At the heart of the book is a concern to return to the centrality of discipleship within a communal context. Indeed, I sighed with frustration and sadness when they write in the Introduction: “This book is best used with a group of four to twelve people. … It is important to work through this material with others, since it was designed for a group rather than to be digested alone.” Well, heck, I don’t have even three other people I know who could be part of what they call a “discipleship core”. So sad! It means that my learning from the book will be shortchanged and I will not fully benefit from the formational learning aspects (meta-learning, reflective learning, and experiential learning) that require communal participation. Sigh …

The first theme is “Distributing” which I take to be a shift from a hierarchical and centralized focus to pluriform gifts and polycentric leadership — i.e., a distributed and relational approach.  They begin by describing the Church as the “Christian-industrial complex”, at least those churches that are held up as models of success:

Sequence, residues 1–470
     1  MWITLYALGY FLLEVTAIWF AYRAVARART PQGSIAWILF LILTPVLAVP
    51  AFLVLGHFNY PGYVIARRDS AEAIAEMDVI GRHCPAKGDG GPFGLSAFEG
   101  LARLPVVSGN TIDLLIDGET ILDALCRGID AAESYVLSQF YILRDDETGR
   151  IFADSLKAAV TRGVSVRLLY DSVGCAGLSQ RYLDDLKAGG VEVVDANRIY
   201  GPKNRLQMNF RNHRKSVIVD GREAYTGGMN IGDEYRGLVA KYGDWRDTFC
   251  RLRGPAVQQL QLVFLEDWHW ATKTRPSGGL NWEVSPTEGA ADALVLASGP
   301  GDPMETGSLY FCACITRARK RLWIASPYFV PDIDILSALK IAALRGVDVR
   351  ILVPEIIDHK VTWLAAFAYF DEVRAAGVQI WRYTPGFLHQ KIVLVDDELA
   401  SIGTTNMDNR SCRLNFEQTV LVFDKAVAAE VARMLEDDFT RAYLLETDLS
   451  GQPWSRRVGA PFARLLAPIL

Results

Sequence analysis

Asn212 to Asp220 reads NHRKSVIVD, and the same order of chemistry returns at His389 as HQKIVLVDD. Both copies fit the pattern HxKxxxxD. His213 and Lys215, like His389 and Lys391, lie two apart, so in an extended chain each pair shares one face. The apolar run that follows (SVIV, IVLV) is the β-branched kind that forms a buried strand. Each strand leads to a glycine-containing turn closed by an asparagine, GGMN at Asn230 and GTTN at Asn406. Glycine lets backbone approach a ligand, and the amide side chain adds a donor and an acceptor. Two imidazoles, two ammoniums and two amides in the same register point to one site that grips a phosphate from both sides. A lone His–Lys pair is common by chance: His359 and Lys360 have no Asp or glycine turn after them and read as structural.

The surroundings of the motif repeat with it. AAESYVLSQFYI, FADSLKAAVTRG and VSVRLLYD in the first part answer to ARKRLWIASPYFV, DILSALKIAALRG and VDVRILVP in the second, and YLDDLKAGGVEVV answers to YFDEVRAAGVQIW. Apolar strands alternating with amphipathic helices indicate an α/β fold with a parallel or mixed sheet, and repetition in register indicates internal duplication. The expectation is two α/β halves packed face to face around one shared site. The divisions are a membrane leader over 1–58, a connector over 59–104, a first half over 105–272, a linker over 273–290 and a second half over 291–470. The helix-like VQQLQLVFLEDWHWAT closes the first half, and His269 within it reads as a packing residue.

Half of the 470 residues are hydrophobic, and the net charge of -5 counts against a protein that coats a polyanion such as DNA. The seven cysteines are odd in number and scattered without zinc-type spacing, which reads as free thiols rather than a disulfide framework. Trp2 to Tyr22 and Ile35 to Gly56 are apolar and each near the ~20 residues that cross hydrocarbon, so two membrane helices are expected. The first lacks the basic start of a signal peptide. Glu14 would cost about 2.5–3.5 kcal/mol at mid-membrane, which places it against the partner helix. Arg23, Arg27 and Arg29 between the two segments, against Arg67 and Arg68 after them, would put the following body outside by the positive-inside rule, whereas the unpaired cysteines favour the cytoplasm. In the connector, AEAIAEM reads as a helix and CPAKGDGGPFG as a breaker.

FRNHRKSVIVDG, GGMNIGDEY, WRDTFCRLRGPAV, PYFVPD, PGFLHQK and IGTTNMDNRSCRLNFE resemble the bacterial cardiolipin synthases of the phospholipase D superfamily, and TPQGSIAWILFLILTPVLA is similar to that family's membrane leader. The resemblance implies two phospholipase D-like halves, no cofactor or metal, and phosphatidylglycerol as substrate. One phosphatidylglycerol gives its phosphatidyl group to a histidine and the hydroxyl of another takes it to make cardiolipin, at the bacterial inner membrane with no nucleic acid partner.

In our American imagination success means growing bigger, collecting more resources, consolidating power, creating strong hierarchical structures and growing rapidly.

American church leaders’ imaginations and metrics for success are increasingly shaped by the things they can count. But, as Albert Einstein said, “That which counts is often the most difficult to count.”

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Dropping the Act

scaryclose

… we will never feel loved until we drop the act, until we’re willing to show our true selves to the people around us.

When I heard that I knew it was true. I’d spent a good bit of my life as an actor, getting people to clap—but the applause only made me want more applause. I  didn’t act in a theater or anything. I’m talking about real life. (xv)